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E.g., 03/27/2017
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  • woolly mammoth
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Your search has returned 136 articles:
  • Wild Things

    De-extinction probably isn’t worth it

    The prospect of resurrecting mammoths is back in the news after Harvard geneticist George Church announced last month that he may be only two years away from creating a mammoth-elephant hybrid fetus. That’s still a long way from a living mammoth — let alone herds of the animals — and scientists are skeptical that Church will be successful with even a hybrid fetus. The scientific hurdles that...

    03/09/2017 - 07:00 Animals, Conservation
  • Science Ticker

    Desert songbirds increasingly at risk of dehydration

    Desert songbirds, especially the little fit-in-your-hand ones, could soon face widening danger zones for lethal thirst in the southwestern United States, a new study predicts.

    Coping with heat waves can demand so much water evaporation to prevent heat stroke — from panting, for instance — that birds can die from dehydration, says Blair Wolf of the University of New Mexico in Albuquerque...

    02/13/2017 - 17:11 Climate, Animals, Conservation
  • News

    Hot nests, not vanishing males, are bigger sea turtle threat

    Worries about climate change threatening sea turtles may have been misdirected.

    Warming that could lead to far more female hatchlings than males isn’t the most immediate danger from climate shifts. Lethally overheated beach nests are more important, researchers argue February 8 in Proceedings of the Royal Society B.

    Climate change can meddle with sex ratios of the seven species of...

    02/07/2017 - 19:05 Climate, Animals, Conservation
  • Wild Things

    A diet of corn turns wild hamsters into cannibals

    The first sign that something was wrong was that the female hamsters were really active in their cages. These were European hamsters, a species that is endangered in France and thought to be on the decline in the rest of their Eurasian range. But in a lab at the University of Strasbourg in France, the hamsters were oddly aggressive, and they didn’t give birth in their nests.

    Mathilde...

    02/07/2017 - 09:00 Animals, Conservation
  • Wild Things

    A message to rock climbers: Be kind to nature

    For the millions of people who have taken up the sport of rock climbing, a cliff face is a challenge, a vertical puzzle solved only with the proper placement of hands and feet. Look closely, though, and those crevices and cracks that provide hand- and footholds also provide homes for a variety of plants, invertebrates and other easily overlooked species.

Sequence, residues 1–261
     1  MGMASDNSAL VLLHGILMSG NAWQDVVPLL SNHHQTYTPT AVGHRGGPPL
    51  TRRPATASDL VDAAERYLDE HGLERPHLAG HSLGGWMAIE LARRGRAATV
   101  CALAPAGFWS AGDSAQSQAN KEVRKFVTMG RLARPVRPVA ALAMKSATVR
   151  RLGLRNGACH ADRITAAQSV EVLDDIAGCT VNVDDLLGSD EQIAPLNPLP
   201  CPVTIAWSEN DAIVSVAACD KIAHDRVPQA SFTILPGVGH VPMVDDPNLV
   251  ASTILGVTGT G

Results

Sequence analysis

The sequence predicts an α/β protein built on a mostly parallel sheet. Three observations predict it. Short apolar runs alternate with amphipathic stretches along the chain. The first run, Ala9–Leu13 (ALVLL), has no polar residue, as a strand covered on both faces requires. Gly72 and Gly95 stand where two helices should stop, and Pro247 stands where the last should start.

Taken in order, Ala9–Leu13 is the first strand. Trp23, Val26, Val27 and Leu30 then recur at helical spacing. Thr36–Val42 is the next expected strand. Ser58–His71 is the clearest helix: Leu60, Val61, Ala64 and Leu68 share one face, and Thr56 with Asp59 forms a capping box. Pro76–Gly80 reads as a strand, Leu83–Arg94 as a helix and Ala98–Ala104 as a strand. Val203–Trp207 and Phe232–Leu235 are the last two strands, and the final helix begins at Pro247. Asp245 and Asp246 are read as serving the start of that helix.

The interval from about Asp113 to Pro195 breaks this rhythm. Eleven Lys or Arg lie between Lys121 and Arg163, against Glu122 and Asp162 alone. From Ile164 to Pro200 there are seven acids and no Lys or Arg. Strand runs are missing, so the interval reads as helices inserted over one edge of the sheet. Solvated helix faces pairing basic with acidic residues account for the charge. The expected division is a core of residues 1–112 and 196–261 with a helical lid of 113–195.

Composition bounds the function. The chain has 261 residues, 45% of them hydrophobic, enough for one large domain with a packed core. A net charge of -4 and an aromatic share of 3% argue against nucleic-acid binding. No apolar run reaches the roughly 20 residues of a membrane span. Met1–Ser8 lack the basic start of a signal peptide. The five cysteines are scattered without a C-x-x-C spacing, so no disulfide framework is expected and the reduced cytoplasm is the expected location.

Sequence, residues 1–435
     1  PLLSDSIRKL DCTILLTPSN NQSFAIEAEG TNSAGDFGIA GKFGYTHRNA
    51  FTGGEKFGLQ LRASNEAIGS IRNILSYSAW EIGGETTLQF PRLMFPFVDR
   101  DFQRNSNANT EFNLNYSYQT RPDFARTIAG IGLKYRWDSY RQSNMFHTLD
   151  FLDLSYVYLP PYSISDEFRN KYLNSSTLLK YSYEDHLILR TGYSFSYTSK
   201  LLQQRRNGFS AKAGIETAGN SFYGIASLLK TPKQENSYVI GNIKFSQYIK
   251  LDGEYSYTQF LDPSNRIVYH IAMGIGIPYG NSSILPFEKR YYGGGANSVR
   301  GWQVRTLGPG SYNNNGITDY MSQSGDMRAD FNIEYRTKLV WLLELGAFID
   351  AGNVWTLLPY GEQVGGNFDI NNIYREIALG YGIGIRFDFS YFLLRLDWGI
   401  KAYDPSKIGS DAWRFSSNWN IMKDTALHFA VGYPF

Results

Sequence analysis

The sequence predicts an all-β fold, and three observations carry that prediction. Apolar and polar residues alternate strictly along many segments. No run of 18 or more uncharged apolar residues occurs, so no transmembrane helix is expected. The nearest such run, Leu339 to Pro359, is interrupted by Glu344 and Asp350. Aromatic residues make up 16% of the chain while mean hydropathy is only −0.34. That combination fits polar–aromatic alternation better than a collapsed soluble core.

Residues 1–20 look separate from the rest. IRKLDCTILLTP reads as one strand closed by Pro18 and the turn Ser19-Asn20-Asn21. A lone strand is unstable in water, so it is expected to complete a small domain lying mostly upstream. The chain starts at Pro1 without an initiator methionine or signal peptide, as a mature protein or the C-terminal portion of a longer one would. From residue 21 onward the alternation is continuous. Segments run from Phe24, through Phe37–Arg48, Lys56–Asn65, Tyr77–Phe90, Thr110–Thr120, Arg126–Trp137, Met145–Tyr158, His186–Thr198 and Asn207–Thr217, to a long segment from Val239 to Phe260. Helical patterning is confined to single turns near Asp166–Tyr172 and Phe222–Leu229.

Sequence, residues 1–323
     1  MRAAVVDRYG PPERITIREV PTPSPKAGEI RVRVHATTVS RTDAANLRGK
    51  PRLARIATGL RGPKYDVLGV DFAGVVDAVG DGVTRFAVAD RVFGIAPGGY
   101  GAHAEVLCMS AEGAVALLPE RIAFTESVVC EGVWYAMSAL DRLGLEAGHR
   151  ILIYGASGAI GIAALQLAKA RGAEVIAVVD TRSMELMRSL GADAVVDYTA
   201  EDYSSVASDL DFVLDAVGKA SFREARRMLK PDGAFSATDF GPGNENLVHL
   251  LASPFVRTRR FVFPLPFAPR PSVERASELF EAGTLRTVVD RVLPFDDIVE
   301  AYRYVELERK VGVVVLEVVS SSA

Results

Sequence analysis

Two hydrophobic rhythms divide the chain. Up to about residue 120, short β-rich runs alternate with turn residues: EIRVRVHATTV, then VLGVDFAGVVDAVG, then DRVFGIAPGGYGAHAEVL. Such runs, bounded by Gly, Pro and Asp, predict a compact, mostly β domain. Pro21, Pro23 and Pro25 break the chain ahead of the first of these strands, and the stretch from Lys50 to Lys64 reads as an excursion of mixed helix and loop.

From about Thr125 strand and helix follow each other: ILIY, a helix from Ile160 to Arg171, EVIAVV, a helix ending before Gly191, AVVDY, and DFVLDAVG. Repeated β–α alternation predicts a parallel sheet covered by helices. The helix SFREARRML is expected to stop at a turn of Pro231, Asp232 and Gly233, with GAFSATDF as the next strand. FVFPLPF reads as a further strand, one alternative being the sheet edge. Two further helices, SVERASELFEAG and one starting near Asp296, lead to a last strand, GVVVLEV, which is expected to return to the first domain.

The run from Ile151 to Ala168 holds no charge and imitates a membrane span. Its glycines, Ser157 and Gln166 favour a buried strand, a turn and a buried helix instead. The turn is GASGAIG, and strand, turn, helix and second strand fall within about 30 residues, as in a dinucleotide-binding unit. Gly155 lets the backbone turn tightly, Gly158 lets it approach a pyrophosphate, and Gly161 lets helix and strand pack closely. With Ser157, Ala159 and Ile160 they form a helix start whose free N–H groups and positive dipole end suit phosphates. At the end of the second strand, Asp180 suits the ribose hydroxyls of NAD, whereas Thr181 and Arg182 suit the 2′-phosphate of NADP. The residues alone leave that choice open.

People who participate in outdoor...

    01/18/2017 - 07:00 Conservation, Plants
  • News

    Unusually loose skin helps hagfish survive shark attacks

    View the video

    NEW ORLEANS, La. – Skin that mostly hangs loose around hagfishes proves handy for living through a shark attack or wriggling through a crevice.

    The skin on hagfishes’ long, sausage-style bodies is attached in a line down the center of their backs and in flexible connections where glands release slime, explained Douglas Fudge of Chapman University in Orange, Calif....

    01/06/2017 - 18:26 Animals, Conservation
  • News

    Losing tropical forest might raise risks of human skin ulcers, deformed bones

    Clearing tropical forests may raise the risk of people being exposed to a gruesome disease called Buruli ulcer, a new study suggests.

    Mycobacterium ulcerans, the bacteria that cause Buruli skin lesions and bone deformities, can thrive in a wide range of wild creatures, especially tiny insects grazing on freshwater algae, says Aaron Morris, now at Imperial College London. Surveying more...

    12/07/2016 - 14:00 Ecology, Biomedicine, Conservation
  • Science Ticker

    Narwhals are really, really good at echolocation

    Narwhals use highly targeted beams of sound to scan their environment for threats and food. In fact, the so-called unicorns of the sea (for their iconic head tusks) may produce the most refined sonar of any living animal.

    A team of researchers set up 16 underwater microphones to eavesdrop on narwhal click vocalizations at 11 ice pack sites in Greenland’s Baffin Bay in 2013. The...

    11/11/2016 - 11:33 Animals, Biophysics, Conservation
  • News in Brief

    Narwhals are really, really good at echolocation

    Narwhals use highly targeted beams of sound to scan their environment for threats and food. In fact, the so-called unicorns of the sea (for their iconic head tusks) may produce the most refined sonar of any living animal.

    An international team of researchers set up 16 underwater microphones to eavesdrop on narwhal click vocalizations at 11 pack ice sites in Greenland’s Baffin Bay in 2013...

    11/11/2016 - 11:33 Animals, Biophysics, Conservation
  • Science Ticker

    Most illegal ivory is less than three years old

    Around 90 percent of ivory seized by law enforcement came from African elephants that died shy of three years before being collected, a study of ivory samples finds. The results confirm what many conservationists have suspected: Long-term stockpiles don’t contribute much ivory to illegal trade, and recent poaching is pushing regional elephant populations into a nose-dive.

    Last year, DNA...

    11/07/2016 - 17:00 Animals, Conservation